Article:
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 Uncle bred his GSD as "promised" last year.

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Number of posts : 730
Age : 25
Location : St. Marys, Georgia
Registration date : 2008-03-01

PostSubject: Uncle bred his GSD as "promised" last year.   Mon Feb 02, 2009 10:02 pm

WARNING: This is a rant.

Those of you probably remember my uncle's GSD's puppies from last year.
Here was what I remember of the conversation between my dad and uncle Sunday morning while I was getting ready for church:
Uncle: She (Cookie, my GSD) sure is skinny.
Dad: Yeah, I know.
Uncle: Is she eating?
Dad: Whatever she can get.
Uncle: Do you give her heartworm medication?
Dad: Yes.
Mom: The vet says that she's in good condition, but she could use a few more pounds.
Uncle: Yeah, like twenty!
Dad: Actually, he said only a few. Unless someone lied to me...
Mom: She's 78 pounds and the vet said she could stand 3 or 4 more.
Uncle: 78 pounds? She sure don't look it.
Mom: They said that her muscle tone isn't as good as it used to be, so she looks skinnier than she actually is.
Uncle: Well, Indy's this wide. She's going to have puppies by Wednesday.

My reaction in the next room: 0_0...Sad
My uncle bred his dog. What's wrong with that you say. I normally wouldn't have a problem. If my uncle was a good breeder that is.
I've been over this with him before during Indy's last litter and he talked about breeding her on purpose. sometimes. (Indy's last litter wasn't planned. She was pregnant when he got her from the so-called rescue group and they didn't tell him, so he didn't find out until she went into labor while chained (yes, chained:() in the backyard.)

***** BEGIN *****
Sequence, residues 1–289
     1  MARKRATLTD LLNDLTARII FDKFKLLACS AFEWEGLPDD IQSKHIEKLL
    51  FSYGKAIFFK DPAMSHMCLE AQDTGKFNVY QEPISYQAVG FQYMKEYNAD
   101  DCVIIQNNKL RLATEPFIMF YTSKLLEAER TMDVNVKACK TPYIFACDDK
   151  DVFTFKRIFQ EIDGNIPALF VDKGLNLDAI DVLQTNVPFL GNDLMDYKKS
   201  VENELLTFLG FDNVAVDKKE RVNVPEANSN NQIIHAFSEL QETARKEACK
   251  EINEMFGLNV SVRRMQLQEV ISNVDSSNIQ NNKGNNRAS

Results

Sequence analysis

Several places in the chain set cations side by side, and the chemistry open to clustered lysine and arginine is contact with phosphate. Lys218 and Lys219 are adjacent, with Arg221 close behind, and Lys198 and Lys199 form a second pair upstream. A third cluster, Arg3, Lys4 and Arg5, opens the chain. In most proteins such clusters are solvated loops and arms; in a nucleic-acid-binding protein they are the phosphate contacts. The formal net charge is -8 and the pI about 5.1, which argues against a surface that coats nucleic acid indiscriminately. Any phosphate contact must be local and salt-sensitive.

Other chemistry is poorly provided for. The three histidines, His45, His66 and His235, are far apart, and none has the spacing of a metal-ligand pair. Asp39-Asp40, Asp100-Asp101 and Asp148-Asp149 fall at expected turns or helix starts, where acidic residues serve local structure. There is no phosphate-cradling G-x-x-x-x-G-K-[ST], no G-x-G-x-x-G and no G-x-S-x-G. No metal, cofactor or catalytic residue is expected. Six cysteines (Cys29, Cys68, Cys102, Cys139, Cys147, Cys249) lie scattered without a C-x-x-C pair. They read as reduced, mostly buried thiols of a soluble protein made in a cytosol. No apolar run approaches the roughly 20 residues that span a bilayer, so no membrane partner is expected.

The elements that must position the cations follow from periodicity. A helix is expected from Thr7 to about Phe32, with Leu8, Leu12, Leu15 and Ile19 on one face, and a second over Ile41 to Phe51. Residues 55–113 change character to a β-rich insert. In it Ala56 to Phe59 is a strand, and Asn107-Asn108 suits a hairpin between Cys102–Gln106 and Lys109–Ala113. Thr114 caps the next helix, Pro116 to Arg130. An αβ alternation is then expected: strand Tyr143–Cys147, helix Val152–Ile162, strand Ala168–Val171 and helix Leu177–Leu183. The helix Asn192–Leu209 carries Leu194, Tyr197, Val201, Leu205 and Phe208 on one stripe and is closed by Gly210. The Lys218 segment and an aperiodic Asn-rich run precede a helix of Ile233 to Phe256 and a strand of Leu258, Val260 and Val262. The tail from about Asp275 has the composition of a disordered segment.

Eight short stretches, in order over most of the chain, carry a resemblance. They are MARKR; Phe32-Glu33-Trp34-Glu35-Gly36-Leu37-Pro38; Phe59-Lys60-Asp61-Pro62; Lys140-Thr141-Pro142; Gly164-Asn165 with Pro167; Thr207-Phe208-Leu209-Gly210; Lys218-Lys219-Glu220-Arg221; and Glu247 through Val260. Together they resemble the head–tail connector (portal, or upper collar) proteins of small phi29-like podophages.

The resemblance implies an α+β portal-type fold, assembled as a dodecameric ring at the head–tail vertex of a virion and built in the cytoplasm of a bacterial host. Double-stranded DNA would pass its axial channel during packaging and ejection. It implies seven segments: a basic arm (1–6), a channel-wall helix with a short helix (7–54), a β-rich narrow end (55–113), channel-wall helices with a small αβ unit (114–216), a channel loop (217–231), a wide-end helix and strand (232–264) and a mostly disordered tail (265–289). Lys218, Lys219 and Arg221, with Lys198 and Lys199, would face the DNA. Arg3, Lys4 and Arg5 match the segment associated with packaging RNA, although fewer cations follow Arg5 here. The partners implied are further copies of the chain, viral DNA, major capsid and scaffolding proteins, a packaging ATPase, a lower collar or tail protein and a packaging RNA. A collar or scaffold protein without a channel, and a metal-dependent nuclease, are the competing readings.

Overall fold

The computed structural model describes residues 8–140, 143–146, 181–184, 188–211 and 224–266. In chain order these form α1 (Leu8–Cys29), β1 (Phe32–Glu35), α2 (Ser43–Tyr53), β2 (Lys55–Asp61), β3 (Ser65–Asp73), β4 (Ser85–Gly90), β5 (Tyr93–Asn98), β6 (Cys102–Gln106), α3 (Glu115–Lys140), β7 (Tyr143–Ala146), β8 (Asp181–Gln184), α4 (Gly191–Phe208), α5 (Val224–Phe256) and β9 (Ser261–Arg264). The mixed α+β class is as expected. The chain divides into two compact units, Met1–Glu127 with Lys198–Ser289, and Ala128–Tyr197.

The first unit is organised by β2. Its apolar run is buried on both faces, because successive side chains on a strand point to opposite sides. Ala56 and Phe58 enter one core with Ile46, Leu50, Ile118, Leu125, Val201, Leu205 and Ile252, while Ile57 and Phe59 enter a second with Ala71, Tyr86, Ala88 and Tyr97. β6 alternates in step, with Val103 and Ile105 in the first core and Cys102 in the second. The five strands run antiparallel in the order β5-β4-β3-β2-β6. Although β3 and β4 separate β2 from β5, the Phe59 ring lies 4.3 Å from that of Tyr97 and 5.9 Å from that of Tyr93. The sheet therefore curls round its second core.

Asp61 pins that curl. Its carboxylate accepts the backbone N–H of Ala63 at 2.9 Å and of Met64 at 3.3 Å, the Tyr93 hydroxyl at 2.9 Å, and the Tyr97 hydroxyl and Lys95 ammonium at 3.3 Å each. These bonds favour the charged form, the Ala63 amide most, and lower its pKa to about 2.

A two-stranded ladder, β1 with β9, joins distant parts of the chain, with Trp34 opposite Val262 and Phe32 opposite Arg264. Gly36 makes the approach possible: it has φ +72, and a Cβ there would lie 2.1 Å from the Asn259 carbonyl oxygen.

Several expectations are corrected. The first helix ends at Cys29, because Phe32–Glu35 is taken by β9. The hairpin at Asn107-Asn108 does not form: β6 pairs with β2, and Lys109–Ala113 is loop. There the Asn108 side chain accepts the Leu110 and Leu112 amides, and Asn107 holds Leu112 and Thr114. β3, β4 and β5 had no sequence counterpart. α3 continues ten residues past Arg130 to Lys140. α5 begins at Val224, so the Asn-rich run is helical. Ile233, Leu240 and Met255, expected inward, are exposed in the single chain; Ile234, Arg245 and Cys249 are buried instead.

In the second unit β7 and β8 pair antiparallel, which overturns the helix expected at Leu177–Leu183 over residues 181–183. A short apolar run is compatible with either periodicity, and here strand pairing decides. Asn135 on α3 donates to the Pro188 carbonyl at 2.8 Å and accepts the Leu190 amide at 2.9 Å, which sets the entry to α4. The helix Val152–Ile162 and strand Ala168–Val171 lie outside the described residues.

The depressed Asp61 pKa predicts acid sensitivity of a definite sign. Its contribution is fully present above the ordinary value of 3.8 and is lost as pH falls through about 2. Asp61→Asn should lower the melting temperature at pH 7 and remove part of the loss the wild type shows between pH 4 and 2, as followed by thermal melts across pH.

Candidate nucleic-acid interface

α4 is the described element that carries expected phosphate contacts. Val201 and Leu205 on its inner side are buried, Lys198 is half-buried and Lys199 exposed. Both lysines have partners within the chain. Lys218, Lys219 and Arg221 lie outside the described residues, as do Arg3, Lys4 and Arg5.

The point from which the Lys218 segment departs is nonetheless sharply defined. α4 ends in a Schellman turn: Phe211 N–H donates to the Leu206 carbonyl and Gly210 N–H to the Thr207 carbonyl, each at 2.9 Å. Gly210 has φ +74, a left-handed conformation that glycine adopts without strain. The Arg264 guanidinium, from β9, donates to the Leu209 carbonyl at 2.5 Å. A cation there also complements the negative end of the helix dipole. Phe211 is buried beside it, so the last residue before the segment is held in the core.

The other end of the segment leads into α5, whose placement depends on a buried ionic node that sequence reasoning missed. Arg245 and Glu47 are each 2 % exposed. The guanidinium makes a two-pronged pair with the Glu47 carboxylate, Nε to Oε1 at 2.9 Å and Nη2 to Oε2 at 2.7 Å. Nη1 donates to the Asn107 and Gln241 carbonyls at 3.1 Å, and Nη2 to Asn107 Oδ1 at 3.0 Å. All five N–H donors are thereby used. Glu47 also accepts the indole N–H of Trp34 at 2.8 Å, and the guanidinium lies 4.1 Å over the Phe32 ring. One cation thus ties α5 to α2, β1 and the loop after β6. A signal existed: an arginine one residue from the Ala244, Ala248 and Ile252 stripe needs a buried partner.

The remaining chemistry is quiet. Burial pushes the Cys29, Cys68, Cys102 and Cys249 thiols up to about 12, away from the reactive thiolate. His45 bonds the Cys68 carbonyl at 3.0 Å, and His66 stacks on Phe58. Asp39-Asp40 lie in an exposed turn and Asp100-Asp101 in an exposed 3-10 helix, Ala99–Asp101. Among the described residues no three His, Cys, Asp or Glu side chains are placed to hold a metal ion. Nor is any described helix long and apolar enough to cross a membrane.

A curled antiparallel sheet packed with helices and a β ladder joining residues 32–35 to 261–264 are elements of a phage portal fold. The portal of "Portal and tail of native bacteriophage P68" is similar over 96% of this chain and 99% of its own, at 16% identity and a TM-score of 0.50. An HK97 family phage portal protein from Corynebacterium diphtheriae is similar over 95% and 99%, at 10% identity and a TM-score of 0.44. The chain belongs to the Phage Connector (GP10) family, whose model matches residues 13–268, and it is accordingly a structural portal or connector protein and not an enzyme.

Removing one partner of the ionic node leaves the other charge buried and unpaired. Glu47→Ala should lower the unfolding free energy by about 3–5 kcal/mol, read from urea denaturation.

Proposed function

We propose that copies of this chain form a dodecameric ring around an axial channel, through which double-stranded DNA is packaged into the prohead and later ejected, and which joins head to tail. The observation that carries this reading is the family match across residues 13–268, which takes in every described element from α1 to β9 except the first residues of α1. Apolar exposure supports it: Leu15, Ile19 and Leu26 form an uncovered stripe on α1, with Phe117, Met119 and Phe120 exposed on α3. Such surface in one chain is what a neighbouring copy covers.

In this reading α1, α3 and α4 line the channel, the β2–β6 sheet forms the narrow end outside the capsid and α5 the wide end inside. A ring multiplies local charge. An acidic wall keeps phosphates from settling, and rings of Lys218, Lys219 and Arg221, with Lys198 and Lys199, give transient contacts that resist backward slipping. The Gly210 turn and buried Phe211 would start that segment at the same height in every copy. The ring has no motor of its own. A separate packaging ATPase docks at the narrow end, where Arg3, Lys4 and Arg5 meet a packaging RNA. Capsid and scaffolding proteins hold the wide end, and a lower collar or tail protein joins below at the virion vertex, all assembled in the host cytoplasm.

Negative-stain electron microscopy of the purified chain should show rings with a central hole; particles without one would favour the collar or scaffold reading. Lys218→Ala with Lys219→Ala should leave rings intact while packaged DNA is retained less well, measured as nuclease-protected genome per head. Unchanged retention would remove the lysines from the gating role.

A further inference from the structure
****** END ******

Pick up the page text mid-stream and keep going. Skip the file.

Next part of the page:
1. I tried to tell him about health testing, especially OFA (tests for hip dysplicia), which is especially important in GSDs because hip dysplicia is a big problem in the breed. His reaction? Something like "I can't afford that! That's $1,000! How am I supposed to make any money off the puppies spending that kind of money?! It isn't needed anyway. Don't do any good." Riiiight.-_- (BTW, the OFA test is nowhere near $1,000.) Can't afford to health test? Well, don't breed!
2. As you saw in number 1, he's breeding for money. Health testing and the cost of following the ethics makes it almost impossible to make money off of breeding.
3. He let a customer take one of the puppies home ONE AND A HALF WEEKS too early. 6 1/2 weeks old. Poor puppy.;_; The reason that was too young is because the puppy learns things such as bite inhibition from their other and litter mates up 'til the age of 8 weeks. And that's especially important in the GSD. There's already more than enough people who have the wrong idea on the temperament of the breed as it is.
4. He didn't seem to socialize the puppies like a good breeder is supposed to. Great way to make the puppy fear-aggressive later on in life.
5. I guarantee you that he doesn't screen homes. It's first come, first serve. Smart move, uncle.-_- Let's see your reaction when/if one of the puppies ends up getting thrown into the shelter for peeing on the carpet. (Yes, that has actually happened. Though not to my uncle so far as I know. Not yet anyway.)